If you are a shareholder in Immsi SpA’s (BIT:IMS), or are thinking about investing in the company, knowing how it contributes to the risk and reward profile of your portfolio is important. Generally, an investor should consider two types of risk that impact the market value of IMS. The first risk to consider is company-specific, which can be diversified away when you invest in other companies in the same industry as IMS, because it is rare that an entire industry collapses at once. The second type is market risk, one that you cannot diversify away, since it arises from macroeconomic factors which directly affects all the stocks in the market.
Not every stock is exposed to the same level of market risk. A widely-used metric to measure a stock’s market risk is beta, and the broad market index represents a beta value of one. A stock with a beta greater than one is considered more sensitive to market-wide shocks compared to a stock that trades below the value of one.
How volatile is IMS’s share price?
Immsi has a beta of 1.21, which means that its stock price experiences greater change than most. According to this beta value, IMS can help magnify your portfolio return, especially if it is predominantly made up of low-beta stocks. If the market is going up, a higher exposure to the upside from a high-beta stock can push up your portfolio return.
How does IMS’s size and industry impact its risk?
A market capitalisation of €168.73m puts IMS in the category of small-cap stocks, which tends to possess higher beta than larger companies. In addition to size, IMS also operates in the auto industry, which has commonly demonstrated strong reactions to market-wide shocks. Therefore, investors may expect high beta associated with small companies, as well as those operating in the auto industry, relative to those more well-established firms in a more defensive industry. This is consistent with IMS’s individual beta value we discussed above. Fundamental factors can also drive the cyclicality of the stock, which we will take a look at next.
Can IMS’s asset-composition point to a higher beta?
During times of economic downturn, low demand may cause companies to readjust production of their goods and services. It is more difficult for companies to lower their cost, if the majority of these costs are generated by fixed assets. Therefore, this is a type of risk which is associated with higher beta. I examine IMS’s ratio of fixed assets to total assets to see whether the company is highly exposed to the risk of this type of constraint. Given that fixed assets make up less than a third of the company’s total assets, IMS doesn’t rely heavily upon these expensive, inflexible assets to run its business during downturns. Thus, we can expect IMS to be more stable in the face of market movements, relative to its peers of similar size but with a higher portion of fixed assets on their books. This outcome contradicts IMS’s current beta value which indicates an above-average volatility.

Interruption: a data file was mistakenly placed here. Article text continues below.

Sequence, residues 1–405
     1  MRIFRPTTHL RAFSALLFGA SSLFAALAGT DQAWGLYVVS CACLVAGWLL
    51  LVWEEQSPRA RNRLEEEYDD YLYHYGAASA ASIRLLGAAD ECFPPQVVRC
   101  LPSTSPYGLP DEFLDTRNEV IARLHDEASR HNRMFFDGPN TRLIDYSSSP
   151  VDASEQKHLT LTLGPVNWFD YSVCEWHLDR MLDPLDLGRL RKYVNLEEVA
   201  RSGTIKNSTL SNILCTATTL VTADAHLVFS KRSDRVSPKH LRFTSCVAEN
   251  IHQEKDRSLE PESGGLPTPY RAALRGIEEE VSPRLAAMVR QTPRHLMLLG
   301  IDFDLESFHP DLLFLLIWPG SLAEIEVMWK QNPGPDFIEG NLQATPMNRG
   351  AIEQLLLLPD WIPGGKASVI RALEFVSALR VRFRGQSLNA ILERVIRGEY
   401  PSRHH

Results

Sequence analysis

What this means for you:
You could benefit from higher returns during times of economic growth by holding onto IMS. Its low fixed cost also means that, in terms of operating leverage, it is relatively flexible during times of economic downturns. What I have not mentioned in my article here are important company-specific fundamentals such as Immsi’s financial health and performance track record. I urge you to complete your research by taking a look at the following:
- Financial Health: Are IMS’s operations financially sustainable? Balance sheets can be hard to analyze, which is why we’ve done it for you. Check out our financial health checks here.
- Past Track Record: Has IMS been consistently performing well irrespective of the ups and downs in the market? Go into more detail in the past performance analysis and take a look at the free visual representations of IMS’s historicals for more clarity.
- Other High-Performing Stocks: Are there other stocks that provide better prospects with proven track records? Explore our free list of these great stocks here.
To help readers see past the short term volatility of the financial market, we aim to bring you a long-term focused research analysis purely driven by fundamental data. Note that our analysis does not factor in the latest price-sensitive company announcements.
The author is an independent contributor and at the time of publication had no position in the stocks mentioned. For errors that warrant correction please contact the editor at firstname.lastname@example.org.